In only a few months, Kotecki has managed to transform himself into a respected campaign commentator using only a 3-year-old Dell laptop and $60 Logitech Web camera. CNN, National Public Radio and the Washington Post, among others, have sought his views on presidential campaign videos.

"He's not only using the medium effectively, he's showing the political establishment how to be better at understanding the dynamics of online communications," said Andrew Rasiej, founder of, a site that tracks how candidates are using the Web. "They are responding to him because they feel like if they don't, they'll be viewed as having missed the boat."

The real world intruded on Kotecki's YouTube ambitions when he graduated from Georgetown. His videos were taking off, with nearly 1,000 subscribers to the channel he set up on YouTube, and he didn't want to quit.

So Kotecki changed his mind about a job at a New York financial services consulting firm, figuring that the anticipated 80-hour workweeks would leave him little time for YouTube.

He decided to stay in Washington and do research and analysis about how political risks affect hedge funds for consulting firm Cypress Group, where he had interned. The main selling points: a more manageable workweek and a promise by his boss to be YouTube-friendly. The firm allows Kotecki to make videos from the office and work part-time as he tries to launch his own consulting practice to show corporations and organizations how to communicate effectively through online video.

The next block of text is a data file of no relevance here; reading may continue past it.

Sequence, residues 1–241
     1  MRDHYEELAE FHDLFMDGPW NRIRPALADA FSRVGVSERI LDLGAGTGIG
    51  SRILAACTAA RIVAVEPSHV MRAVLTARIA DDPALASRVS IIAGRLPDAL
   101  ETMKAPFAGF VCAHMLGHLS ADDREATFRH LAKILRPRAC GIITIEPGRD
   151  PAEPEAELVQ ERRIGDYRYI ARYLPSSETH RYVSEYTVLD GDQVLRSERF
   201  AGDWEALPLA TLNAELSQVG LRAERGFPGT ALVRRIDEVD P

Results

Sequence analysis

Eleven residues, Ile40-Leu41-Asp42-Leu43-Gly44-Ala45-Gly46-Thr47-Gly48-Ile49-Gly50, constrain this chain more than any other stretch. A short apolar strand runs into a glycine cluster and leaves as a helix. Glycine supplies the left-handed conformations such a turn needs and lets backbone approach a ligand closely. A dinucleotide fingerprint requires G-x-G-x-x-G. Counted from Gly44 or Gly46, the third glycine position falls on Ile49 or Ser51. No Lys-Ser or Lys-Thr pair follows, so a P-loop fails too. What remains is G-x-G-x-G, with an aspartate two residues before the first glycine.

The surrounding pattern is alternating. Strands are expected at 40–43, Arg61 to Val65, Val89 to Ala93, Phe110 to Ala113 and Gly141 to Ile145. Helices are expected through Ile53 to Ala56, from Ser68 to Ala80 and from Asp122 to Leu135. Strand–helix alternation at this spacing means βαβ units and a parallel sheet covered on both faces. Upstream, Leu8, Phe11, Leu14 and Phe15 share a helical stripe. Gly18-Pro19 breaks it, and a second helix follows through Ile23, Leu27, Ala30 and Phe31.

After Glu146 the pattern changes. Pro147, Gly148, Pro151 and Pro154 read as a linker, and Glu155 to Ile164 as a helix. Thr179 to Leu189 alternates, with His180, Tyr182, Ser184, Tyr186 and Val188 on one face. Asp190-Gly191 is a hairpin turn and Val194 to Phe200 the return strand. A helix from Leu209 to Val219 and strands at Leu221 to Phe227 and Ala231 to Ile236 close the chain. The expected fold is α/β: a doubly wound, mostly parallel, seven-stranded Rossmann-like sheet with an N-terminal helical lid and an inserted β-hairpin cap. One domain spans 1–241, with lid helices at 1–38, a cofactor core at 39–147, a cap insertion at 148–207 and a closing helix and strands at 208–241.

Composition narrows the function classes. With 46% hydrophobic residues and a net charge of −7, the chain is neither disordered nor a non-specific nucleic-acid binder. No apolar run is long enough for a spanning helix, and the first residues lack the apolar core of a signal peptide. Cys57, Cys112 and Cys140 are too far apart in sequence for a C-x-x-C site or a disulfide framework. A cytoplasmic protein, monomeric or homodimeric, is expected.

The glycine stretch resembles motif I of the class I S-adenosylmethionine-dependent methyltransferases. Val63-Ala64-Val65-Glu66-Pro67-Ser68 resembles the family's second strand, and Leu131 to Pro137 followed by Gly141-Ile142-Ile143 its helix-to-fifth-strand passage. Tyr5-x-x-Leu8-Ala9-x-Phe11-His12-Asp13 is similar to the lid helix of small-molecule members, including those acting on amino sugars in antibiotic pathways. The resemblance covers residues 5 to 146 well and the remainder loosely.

YouTube has gone from an unofficial college minor to a potential career.

"I found out as I kept doing it and people gave me a good response, this is what I loved to do," Kotecki said.

But he had another concern that wasn't so easily resolved. Was being a college kid the key to his success?

"The first thing I thought was, 'When I leave my dorm room, is that it?' " Kotecki said.

He prepared his audience for his graduation. And to show that his new set wouldn't constrain him, one of his first videos ended with Kotecki spinning around in his chair to MC Hammer's "U Can't Touch This." He recently celebrated cracking the 1,000-subscriber barrier by doing a video entirely in rap, grooving with his pencil puppets in the empty office late one night.

With the candidates still experimenting with online video, Kotecki figures his advice will continue to be valuable in the first presidential election of the YouTube era.

"Everyone's still trying to figure it out," he said, "and there's no one that can say they know more about it than me."



The Power Hour:
(7-10am CST)
Listen Live

Listen FREE thru Global Star Satellite Feed






All logos and trademarks in this site are property of their respective owner.
FAIR USE NOTICE: This site contains copyrighted material the use of which has not always been specifically authorized by the copyright owner. We are making such material available in our efforts to advance understanding of environmental, political, human rights, economic, democracy, scientific, and social justice issues, etc. We believe this constitutes a 'fair use' of any such copyrighted material as provided for in section 107 of the US Copyright Law. In accordance with Title 17 U.S.C. Section 107, the material on this site is distributed without profit to those who have expressed a prior interest in receiving the included information for research and educational purposes. For more information go to:

Copyright © 2007. The Power Hour. All rights reserved.